• The Star Staff

Behind on legal requirements PREPA submits to PREB its list of green energy projects totaling 150 MW


By The Star Staff


The bankrupt Puerto Rico Electric Power Authority (PREPA), after months of deliberations, has submitted to the Puerto Rico Energy Bureau (PREB) the list of projects from which it says it would get 150 megawatts (MW) of renewable energy after negotiations to increase the use of renewables had been put on hold by the federal Financial Oversight and Management Board.

PREPA also sent a previous version of the list to the oversight board earlier this month, and is seeking information that the board requested. PREPA is far behind on legal requirements to enhance the use of renewables. Currently, it is only drawing 3% of its energy from renewables, far behind in complying with a 2019 law that says the power utility must draw 40% of its power from renewables by 2025.


The list of potential projects was taken from 16 renewable energy projects that PREPA had put on hold last year amid orders from the oversight board. In August of last year, the board told PREPA it was not going to give the 16 projects the green light because they went against the fiscal plan, which seeks to prevent high energy prices for consumers as part of an effort to jumpstart the economy.


Despite achieving improved prices during negotiations, the oversight board said the contracts negotiated by PREPA would result in overall retail energy rates that are higher than the average retail energy rates projected in the 2020 Certified Fiscal Plan.


“Specifically, the 2020 Certified Fiscal Plan assumes new utility scale solar generation prices of 8 cents per kWh [kilowatt-hour] in FY23 [fiscal year 2023] (1 July), increasing to 9.7 cents per kWh in FY49, while the proposed contracts, on average, start at 9.9 cents per kWh, increasing to 14.1 cents per kWh by FY42,” the oversight board said at the time.


“Consequently, if PREPA were to integrate all of the proposed 593 MW solar capacity at the renegotiated price, projected energy rates in FY35 would be 33.6 cents per kWh, 0.5 cents per kWh higher than the energy price forecasts in the 2020 Certified Fiscal Plan.”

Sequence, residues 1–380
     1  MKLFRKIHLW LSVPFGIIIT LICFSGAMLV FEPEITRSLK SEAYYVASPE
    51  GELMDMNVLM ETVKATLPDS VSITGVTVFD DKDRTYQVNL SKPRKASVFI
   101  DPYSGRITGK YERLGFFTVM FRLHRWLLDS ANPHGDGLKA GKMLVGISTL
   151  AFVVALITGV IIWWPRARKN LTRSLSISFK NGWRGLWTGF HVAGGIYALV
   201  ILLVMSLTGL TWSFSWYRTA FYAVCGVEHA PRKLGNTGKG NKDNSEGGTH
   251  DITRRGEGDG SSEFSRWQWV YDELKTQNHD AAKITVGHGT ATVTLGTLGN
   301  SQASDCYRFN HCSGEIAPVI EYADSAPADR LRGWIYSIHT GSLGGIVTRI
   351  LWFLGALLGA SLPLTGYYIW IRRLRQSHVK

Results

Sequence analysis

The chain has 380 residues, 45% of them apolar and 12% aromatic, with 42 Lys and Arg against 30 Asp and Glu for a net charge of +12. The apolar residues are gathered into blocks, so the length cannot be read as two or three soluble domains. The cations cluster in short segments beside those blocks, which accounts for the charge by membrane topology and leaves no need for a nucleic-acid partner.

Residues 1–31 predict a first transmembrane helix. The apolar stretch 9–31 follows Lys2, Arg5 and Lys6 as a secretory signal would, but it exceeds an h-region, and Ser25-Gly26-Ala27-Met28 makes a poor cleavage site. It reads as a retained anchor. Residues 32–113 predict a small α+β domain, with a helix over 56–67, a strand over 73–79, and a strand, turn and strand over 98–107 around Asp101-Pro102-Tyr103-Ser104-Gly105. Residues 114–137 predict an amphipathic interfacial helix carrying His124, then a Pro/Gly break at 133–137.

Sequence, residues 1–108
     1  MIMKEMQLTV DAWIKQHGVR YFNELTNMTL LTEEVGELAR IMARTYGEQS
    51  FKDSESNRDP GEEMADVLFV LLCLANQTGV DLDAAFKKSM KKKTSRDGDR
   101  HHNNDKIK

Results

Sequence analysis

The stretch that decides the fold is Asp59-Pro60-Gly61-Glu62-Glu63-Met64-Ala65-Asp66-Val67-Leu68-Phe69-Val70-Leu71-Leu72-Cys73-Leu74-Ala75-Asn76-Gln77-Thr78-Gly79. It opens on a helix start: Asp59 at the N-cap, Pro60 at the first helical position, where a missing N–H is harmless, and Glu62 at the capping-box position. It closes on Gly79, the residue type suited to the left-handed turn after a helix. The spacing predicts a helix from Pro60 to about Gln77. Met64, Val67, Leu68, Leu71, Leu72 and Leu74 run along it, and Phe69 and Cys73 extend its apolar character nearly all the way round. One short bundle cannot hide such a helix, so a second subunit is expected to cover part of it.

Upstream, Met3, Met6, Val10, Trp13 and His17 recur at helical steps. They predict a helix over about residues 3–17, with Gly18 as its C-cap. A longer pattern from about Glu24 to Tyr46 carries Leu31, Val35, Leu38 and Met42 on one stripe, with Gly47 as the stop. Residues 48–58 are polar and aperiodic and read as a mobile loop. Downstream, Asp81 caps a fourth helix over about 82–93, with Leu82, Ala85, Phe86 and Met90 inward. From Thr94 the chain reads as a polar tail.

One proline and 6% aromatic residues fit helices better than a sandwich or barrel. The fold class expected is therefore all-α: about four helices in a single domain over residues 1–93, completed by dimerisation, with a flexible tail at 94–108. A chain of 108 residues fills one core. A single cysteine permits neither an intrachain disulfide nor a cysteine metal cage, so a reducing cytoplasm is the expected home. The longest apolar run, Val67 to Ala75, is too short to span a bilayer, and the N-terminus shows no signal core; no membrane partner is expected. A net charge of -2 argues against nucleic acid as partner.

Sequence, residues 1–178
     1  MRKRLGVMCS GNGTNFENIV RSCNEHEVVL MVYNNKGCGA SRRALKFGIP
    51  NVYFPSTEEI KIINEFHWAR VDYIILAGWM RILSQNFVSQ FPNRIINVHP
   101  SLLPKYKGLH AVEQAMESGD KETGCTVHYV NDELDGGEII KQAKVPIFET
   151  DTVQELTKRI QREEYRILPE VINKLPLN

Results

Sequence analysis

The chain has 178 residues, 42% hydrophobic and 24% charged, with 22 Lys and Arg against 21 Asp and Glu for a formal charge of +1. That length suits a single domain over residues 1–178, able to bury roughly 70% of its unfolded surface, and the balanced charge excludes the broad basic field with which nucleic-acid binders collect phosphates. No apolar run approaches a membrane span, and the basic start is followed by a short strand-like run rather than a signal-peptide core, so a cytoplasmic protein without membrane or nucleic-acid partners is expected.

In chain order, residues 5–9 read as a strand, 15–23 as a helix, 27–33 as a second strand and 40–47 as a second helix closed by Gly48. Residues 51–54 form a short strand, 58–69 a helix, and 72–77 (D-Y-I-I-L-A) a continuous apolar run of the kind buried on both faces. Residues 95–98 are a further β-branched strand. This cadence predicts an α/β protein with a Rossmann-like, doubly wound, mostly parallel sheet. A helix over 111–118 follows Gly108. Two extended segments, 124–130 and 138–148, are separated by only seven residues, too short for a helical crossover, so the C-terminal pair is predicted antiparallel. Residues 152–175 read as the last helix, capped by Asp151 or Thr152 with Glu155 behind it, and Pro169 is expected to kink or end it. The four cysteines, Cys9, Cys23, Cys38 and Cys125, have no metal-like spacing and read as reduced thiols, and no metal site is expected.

The oversight board said it was only going to approve 150 MW of renewable energy capacity at the current negotiated pricing.


While the board had rejected the projects, the PREB had allowed PREPA to pursue proposed projects in what appeared to be a power struggle with the oversight board over control of the power utility.


The PREB approved the projects individually and not in a group. In each of the rulings, PREB ignored the oversight board’s remarks and insisted that it was the “regulating entity in charge of overseeing and ensuring the full execution of the energy service public policy” and the entity in charge of establishing the public policy norms related to electricity service.


The PREB, however, imposed conditions for approval, including the addition of provisions in the contracts that ensure nothing in them will limit the PREB’s authority under Puerto Rico law. The PREB also asked for the inclusion of a provision requiring disputes to be resolved before the PREB, a reduction to eight months of the time to begin construction of the projects from the time contained in the each of the different contracts, the inclusion of limitations to PREPA’s ability to grant extensions of the operation dates, and a requirement to provide monthly updates to the PREB.


The 16 projects were part of a larger group of 60 projects negotiated nine years ago under the administration of then-Gov. Luis Fortuño. Since then, some of the projects have been rejected and others never got beyond the planning stages. PREPA renegotiated 16 of the projects to obtain lower rates for customers and asked the PREB to approve them. The projects would have provided 593 MW of renewable energy, or less than one-fourth of PREPA’s energy capacity.

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